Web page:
Do you dream about the warmth of hardwood in the bathroom, but cringe at the thought of mixing wood and water? Although some designers shy away from wood flooring for your bathroom, innovations and expert installation can make this dream a reality in your home.
Best Type of Hardwood Floors for the Bathroom
A full bathroom may not be the best place to use hardwood floors, but your powder room or half bath is ideal. Consider choosing one of the stronger hardwood species, such as maple or walnut. Softer woods tend to absorb moisture and humidity faster, resulting in more warping and movement across the floor. Exotic wood floors may also be a better choice for your bathroom, mainly due to the natural characteristics of these wood species. Brazilian Teak hardwood floors have an impressive Janka rating and come from a humid corner of the globe. With the right finish and proper installation, exotic hardwood can transform your bathroom into a luxurious oasis.
Floating or Nail Down?
Solid hardwood floors are nailed down to plywood subfloors, reducing movement and expansion. Floating wood floors are either glued or clicked together and freely float over a subfloor or underlayment. Advantages can be found for both in a bathroom application. Engineered floating wood floors are made for stability in areas of higher humidity. They expand and contract as the moisture level changes, reducing incidents of warping, cracking and splitting. This works well over large expanses, such as your main floor living space, hallways, foyer and powder room. Look for hardwood flooring products with a polyurethane finish, designed to protect the wood from spills and moist conditions. Reduce the risk of warping by investing in a solid hardwood or engineered floating wood floor that comes with a watertight coating to keep the planks protected, even during expansion and contraction. Be wary of cheaper, imitation coatings that will crack and peel over time, leaving the wood exposed.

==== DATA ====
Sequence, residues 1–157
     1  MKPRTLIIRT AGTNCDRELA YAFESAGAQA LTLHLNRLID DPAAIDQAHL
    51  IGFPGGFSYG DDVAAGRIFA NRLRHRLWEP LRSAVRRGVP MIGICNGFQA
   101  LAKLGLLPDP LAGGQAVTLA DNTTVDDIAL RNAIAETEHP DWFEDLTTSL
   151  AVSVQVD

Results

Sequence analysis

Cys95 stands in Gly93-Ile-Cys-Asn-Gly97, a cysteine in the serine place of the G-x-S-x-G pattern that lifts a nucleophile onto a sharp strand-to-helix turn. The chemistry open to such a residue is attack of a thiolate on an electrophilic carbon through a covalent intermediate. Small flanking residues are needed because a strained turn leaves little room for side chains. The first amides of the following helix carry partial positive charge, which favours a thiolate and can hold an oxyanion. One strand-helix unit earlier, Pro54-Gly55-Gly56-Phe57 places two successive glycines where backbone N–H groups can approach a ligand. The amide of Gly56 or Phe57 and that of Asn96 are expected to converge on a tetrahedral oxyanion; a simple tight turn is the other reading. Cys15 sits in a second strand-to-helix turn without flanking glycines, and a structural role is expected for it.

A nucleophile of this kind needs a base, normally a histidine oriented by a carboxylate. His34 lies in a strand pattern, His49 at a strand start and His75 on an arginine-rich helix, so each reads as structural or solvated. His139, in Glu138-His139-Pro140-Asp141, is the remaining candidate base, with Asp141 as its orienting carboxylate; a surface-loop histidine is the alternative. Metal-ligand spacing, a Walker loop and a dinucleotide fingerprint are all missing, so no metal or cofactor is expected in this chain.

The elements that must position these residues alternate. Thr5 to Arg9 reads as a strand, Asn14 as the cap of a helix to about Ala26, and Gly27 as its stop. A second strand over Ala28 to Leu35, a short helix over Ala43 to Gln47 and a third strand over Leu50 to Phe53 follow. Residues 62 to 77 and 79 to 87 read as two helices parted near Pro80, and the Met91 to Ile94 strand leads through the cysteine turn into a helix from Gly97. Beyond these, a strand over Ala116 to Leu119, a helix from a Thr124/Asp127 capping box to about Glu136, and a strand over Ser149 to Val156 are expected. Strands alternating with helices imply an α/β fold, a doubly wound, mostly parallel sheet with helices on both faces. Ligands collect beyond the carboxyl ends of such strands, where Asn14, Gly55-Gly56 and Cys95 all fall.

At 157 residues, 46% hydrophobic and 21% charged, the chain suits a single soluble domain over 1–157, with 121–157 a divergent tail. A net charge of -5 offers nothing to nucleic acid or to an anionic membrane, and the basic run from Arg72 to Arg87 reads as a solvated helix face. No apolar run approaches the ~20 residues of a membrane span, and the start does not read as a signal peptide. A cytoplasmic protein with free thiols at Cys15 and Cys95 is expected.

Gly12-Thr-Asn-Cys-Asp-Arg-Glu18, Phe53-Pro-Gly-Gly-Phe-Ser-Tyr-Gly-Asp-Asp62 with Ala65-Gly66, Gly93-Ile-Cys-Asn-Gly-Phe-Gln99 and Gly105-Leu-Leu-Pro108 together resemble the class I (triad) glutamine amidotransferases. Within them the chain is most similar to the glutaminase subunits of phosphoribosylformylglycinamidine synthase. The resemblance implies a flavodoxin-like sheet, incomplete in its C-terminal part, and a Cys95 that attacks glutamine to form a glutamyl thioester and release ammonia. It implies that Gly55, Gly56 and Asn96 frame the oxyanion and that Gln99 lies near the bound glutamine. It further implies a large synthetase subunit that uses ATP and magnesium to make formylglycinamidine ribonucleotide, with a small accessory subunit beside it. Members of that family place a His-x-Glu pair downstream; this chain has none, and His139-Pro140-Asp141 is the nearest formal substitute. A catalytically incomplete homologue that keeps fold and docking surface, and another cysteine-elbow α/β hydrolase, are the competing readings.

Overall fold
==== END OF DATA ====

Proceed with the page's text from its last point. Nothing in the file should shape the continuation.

Many designers opt for a combination of flooring types in the bathroom, providing the charm and warmth of wood while maintaining a low risk of moisture damage. Consider using high quality tiling around the larger bathroom fixtures–like the tub or shower–and complementing that floor with wood flooring in the balance of the room. You should still invest in the best quality, polyurethane-coated brands and clean up puddles immediately. But a combination of wood and tile or stone can be striking in appearance and wise in maintenance. Talk to your flooring retailer about the ideal underlayment for wood flooring in your bathroom. Most powder rooms share a subfloor with the hallway or main living area, but other bathrooms could stand alone. Always opt for top brands with solid warranties and follow the manufacturer’s care directions. Your new wood bathroom floor is bound to look great and feel even better for years to come.